Bank of England overstated March UK debt sales to overseas investors by 200%

Mark Carney, the governor of the Bank of England. (Reuters/Antony Devlin)
On the eve of Britain’s general election, the Bank of England (BoE) quietly announced its data documenting UK debt sales to foreign investors had been overstated by 200 percent for the past eight weeks.

The central bank sent shockwaves through the City of London on Wednesday when it made the admission. Its disclosure, revealed in a formal “notice of errata,” proves a serious embarrassment for the bank.

It also rubbishes figures BoE officials released on May 1, indicating foreign investors had purchased UK debt at a record rate in March.

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Having rectified the errors, the BoE revealed overseas sales of UK debt in March did not reach a record £28.2 billion as originally thought but rather stood at a more modest £14.8 billion.

The error was reportedly caused by inaccurate figures for the month of February, which reported sales of UK debt amounting to £7.6 billion rather than the correct figure of £5.8 billion.

Commenting on the error, the BoE claimed it was “clerical” and had occurred “while inputting the February value for non-residents’ purchases of gilts.”

“Purchases by UK monetary financial institutions and other UK private sector holders will be updated accordingly,” it added.

Speaking to RT on Thursday, UK economist Michael Burke said the blunder was embarrassing for the bank. He also noted the mistake lay undiscovered for a long period.

“It is also embarrassing for City pundits who made grand statements at the time that this inflow of overseas investment supported the credibility of government policy. It didn't happen and it doesn't,” he said.

“In particular, foolish claims were made about the improvement in the so-called structural deficit under Osborne being the cause of this non-existent vote of confidence by overseas investors.”

“In fact, the IMF reckons the deficit on this measure was 4.2 percent of GDP in 2014, not much changed from the period of the financial crisis in 2008,” he added.

In January, Bank of England governor Mark Carney’s claim that Britain had escaped a “debt trap” common to Eurozone states was dismissed by British economists.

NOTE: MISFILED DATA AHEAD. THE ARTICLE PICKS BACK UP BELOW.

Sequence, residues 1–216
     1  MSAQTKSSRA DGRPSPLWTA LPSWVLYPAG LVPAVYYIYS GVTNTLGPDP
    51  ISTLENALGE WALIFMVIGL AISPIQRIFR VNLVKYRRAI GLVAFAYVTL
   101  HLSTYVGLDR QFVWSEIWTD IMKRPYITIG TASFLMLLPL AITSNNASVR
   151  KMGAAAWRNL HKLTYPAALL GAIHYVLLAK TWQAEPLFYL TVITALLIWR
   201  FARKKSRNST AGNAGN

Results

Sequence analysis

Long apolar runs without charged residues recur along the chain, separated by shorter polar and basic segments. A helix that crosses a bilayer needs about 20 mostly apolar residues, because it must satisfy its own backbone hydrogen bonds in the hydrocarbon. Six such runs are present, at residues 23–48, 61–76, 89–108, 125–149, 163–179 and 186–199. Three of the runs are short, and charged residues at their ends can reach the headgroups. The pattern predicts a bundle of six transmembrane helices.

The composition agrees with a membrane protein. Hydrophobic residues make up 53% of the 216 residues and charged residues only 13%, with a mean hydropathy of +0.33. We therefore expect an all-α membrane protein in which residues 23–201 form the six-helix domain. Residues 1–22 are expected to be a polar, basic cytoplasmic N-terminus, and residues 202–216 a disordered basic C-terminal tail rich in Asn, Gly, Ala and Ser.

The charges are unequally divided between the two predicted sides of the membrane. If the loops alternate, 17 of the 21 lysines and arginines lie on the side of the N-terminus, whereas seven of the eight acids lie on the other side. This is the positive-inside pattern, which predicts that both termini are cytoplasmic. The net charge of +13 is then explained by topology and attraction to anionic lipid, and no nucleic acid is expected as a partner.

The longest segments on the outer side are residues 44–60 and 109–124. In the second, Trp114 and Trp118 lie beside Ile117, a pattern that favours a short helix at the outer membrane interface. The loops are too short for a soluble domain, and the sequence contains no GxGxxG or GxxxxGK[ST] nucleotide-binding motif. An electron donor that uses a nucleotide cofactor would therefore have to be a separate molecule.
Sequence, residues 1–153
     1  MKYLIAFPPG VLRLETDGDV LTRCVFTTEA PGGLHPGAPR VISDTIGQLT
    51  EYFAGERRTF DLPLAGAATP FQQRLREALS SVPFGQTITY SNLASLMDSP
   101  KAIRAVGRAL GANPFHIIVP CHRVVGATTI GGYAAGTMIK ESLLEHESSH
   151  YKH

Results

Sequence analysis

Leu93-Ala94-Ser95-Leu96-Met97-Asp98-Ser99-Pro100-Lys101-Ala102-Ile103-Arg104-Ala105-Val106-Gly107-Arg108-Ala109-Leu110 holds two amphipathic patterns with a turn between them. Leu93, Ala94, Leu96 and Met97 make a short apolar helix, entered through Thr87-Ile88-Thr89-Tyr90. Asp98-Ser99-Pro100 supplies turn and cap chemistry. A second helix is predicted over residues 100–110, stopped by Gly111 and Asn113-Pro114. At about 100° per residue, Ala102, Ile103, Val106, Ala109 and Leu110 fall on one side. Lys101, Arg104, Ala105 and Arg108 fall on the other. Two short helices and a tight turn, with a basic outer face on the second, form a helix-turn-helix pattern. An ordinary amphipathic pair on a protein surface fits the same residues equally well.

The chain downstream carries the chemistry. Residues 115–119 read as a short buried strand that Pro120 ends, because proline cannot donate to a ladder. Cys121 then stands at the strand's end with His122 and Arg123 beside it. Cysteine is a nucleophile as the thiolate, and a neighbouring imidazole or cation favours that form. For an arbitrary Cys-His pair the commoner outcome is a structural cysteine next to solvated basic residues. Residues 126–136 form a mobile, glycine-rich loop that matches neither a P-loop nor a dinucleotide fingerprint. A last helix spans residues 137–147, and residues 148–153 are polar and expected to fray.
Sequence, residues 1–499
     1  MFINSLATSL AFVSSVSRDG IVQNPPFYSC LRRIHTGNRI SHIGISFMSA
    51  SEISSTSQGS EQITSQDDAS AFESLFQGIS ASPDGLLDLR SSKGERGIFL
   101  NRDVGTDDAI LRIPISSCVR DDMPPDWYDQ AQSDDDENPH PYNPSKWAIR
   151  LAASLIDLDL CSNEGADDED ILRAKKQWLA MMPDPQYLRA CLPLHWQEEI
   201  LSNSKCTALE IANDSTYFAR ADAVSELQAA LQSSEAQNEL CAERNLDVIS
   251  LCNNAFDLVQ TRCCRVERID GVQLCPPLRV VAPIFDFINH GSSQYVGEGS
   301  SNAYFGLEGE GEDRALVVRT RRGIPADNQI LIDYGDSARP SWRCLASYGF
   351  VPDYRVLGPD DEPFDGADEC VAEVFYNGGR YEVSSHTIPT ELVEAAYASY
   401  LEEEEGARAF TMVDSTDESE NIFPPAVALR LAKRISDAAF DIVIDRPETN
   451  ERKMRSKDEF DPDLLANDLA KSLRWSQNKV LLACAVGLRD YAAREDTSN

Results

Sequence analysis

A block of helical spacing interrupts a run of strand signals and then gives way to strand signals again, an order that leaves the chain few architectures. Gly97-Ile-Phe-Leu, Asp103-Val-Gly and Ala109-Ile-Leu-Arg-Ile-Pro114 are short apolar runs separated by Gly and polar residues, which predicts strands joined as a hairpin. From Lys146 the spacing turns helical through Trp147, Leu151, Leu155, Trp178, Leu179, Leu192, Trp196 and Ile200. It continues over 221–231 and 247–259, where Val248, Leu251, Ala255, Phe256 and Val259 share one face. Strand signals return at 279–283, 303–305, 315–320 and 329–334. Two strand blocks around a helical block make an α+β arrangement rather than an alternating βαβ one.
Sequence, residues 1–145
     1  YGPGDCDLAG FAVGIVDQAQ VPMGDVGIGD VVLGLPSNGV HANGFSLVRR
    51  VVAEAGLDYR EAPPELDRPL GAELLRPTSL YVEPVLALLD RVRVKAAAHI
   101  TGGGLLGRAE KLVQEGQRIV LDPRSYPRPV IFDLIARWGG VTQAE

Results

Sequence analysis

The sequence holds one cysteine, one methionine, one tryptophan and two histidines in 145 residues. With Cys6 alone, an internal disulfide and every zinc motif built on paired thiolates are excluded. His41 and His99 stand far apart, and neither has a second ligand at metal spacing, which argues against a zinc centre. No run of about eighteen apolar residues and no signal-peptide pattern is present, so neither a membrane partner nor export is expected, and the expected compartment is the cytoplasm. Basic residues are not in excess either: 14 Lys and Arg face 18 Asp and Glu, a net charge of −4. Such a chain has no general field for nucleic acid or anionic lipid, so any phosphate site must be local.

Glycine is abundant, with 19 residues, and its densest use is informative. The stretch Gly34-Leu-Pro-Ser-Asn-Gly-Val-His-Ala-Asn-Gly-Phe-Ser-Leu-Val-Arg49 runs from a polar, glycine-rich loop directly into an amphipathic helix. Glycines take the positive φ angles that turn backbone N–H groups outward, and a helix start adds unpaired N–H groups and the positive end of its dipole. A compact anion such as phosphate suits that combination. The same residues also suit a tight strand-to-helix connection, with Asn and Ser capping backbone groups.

Speaking to RT at the time, Burke said Carney’s claim was “delusional.” He stressed British consumers are borrowing more than ever, the British government is “also borrowing more from abroad,” and that these inflated “bubbles of borrowing” are destined to burst.

The BoE’s inaccurate figures for March, which were estimated in the wake of the European Central Bank’s (ECB) recent bond-buying scheme, calmed fears in the City and beyond of a pre-electoral debt strike.

Analysts have long warned that the UK’s budgetary and current account deficits, each of which hit roughly 5 percent of gross domestic product (GDP), pose a considerable threat to Britain’s economy.

The extent to which the BoE's announcement will impact on the UK's economic recovery remains unclear. Nevertheless, market analysts, investors and City punters are watching developments closely.

The BoE also previously warned the state’s current account deficit – which charts the gap between cash flowing out of Britain and cashing flowing in – was large. It said this heavy debt burden could potentially “trigger a deterioration in market sentiment towards the United Kingdom” if Britain’s economy deteriorated.

The European Central Bank’s quantitative easing program amounts to €60 billion per month. It expected to attract higher inflows of capital into Britain, as investors look for fresh sources of profit.